Jordan to increase female political representation
Published on Fri, 2011-06-10 14:46
"We are very optimistic,” Amneh Zu’bi, president of the Jordanian Women's Union (national focal point of Social Watch), about the recommendations launched by the National Dialogue Committee (NDC) created by the government to reinvigorate the political life in the country. Among those suggestions, the NDC proposed an increase in female representation in Parliament and political parties.
Last week, Taher Masri, Chairman of the NDC created by Jordanian cabinet on March, handed the committee's recommendations to the government on measures to reinvigorate political life in the country, including new elections and political parties' laws.
The committee's decisions were reached by consensus, Masri said. The final draft of recommendations was put together after thorough discussions between committee members and various civic institutions, including opposition parties, political figures and youth groups.
"We are very optimistic about the committee's outcome regarding the expected increase in the number of women MPs and have exerted a lot of efforts to reach a consensus about it," said Amneh Zu'bi, who participated in the NDC as a full member.
If this suggestion is approved, the number of women in the Lower House of Parliament will surely increase by at least 20, and the female representation from each governorate will surely increase, according to the Jordanian Women's Union president said.
NDC’s priority was to agree on an elections law that produces a parliament representing all Jordanians, one that carries out its legislative mission in overseeing public sector performance and holding it accountable for its actions. The draft also simplifies party registration processes, alleviates administrative obstacles, and streamlines regulatory procedures.
Under the proposed elections law, the so-called virtual districts will be cancelled and Amman, Zarqa and Irbid will be divided into sub-districts based on population density. Quotas for Christians, Circassians and Chechens, in addition to a women's quota, are also set for each governorate.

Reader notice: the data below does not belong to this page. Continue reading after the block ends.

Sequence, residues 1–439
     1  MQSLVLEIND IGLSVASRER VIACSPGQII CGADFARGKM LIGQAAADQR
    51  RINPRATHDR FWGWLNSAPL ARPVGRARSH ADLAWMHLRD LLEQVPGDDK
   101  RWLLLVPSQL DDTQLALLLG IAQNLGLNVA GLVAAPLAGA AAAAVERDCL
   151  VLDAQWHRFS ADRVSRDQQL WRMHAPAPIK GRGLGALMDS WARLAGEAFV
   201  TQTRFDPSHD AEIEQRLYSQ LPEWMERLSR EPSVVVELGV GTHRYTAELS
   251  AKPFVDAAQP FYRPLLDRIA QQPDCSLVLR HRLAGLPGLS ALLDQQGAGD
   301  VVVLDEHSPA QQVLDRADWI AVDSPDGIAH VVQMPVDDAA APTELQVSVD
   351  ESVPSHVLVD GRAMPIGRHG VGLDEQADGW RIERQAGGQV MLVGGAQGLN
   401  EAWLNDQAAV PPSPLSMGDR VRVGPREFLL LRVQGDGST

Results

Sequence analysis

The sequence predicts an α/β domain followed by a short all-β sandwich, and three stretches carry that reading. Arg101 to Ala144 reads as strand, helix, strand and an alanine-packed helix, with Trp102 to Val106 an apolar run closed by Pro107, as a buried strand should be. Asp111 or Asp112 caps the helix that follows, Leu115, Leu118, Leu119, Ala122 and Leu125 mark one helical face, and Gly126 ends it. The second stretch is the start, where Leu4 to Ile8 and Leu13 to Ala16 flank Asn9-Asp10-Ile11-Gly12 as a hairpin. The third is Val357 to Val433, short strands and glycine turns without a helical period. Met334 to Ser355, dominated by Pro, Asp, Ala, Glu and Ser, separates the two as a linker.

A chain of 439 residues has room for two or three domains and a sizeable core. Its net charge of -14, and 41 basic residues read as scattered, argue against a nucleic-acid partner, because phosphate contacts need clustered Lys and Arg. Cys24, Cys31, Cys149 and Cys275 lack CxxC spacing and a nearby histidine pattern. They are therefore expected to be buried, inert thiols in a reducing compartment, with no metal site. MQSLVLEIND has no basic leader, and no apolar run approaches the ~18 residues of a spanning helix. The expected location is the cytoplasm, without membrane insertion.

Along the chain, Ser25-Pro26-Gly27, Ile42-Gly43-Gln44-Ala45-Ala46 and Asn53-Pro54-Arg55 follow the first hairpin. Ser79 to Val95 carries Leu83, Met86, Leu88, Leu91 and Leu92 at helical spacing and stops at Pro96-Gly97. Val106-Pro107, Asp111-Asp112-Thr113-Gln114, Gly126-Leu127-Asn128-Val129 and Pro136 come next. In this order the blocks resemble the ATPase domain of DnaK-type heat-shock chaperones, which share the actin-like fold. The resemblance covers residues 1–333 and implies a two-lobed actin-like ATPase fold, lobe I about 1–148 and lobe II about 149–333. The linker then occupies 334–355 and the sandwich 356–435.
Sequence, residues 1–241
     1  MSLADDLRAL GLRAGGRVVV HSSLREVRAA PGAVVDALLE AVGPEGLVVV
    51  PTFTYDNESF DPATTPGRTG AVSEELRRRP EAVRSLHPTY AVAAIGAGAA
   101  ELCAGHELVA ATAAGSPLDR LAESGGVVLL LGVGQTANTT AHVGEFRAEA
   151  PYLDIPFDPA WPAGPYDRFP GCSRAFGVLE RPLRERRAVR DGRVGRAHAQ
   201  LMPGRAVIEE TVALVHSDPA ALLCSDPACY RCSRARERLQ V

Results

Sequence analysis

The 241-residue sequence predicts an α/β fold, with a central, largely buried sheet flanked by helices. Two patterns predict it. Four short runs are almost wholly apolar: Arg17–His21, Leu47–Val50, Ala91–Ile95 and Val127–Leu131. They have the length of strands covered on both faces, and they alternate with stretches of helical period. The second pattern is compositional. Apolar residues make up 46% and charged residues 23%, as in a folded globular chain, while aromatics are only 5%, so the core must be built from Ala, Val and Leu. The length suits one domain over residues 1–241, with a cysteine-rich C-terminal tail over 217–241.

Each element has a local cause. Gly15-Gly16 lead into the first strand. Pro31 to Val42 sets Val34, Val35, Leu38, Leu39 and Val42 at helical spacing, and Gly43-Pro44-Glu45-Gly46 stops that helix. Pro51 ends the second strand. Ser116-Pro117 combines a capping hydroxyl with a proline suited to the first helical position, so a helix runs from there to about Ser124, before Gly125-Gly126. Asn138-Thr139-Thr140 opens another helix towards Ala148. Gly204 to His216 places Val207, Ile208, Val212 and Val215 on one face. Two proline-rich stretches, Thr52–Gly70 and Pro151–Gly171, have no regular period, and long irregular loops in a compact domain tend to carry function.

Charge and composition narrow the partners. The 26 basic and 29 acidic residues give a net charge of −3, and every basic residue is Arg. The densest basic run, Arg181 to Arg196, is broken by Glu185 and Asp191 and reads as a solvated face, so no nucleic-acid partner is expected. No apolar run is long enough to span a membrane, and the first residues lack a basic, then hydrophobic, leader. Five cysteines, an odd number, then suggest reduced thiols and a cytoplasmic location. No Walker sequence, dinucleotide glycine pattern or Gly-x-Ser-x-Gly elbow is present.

Citizens can vote for any candidate competing for a seat on the national list, and the electoral system will combine an open proportional list at the provincial level another list, also proportional and open, on the national level. It also suggested establishing an independent national body to govern elections and political parties.
The NDC recommend extending the legislative sessions from four to six months, repealing articles that allow the postponement of general elections in whole or in part and the adoption of Constitutional amendments that would force a government recommending the dissolution of the House of Representatives to resign within a week.
The king would then mandate some leader to form a transitional government that would organise parliamentary elections within 60 days. The transitional government's mandate would expire once elections were held.
Both Zu'bi and Abul Sammen, the secretary general of the Jordanian National Forum for Women and another NDC member, said that the decision now lies in the hands of the MPs who will "uphold the committee's recommendations, reject them or make amendments to them".
Meanwhile, the proposed political parties law is bound to facilitate the formation of new parties. The new draft cuts down the number of founding members required from 500 to 250, of whom at least 10 per cent must be women.
"This will surely work to strengthen women's presence on the political scene of Jordan," Abul Sammen stressed.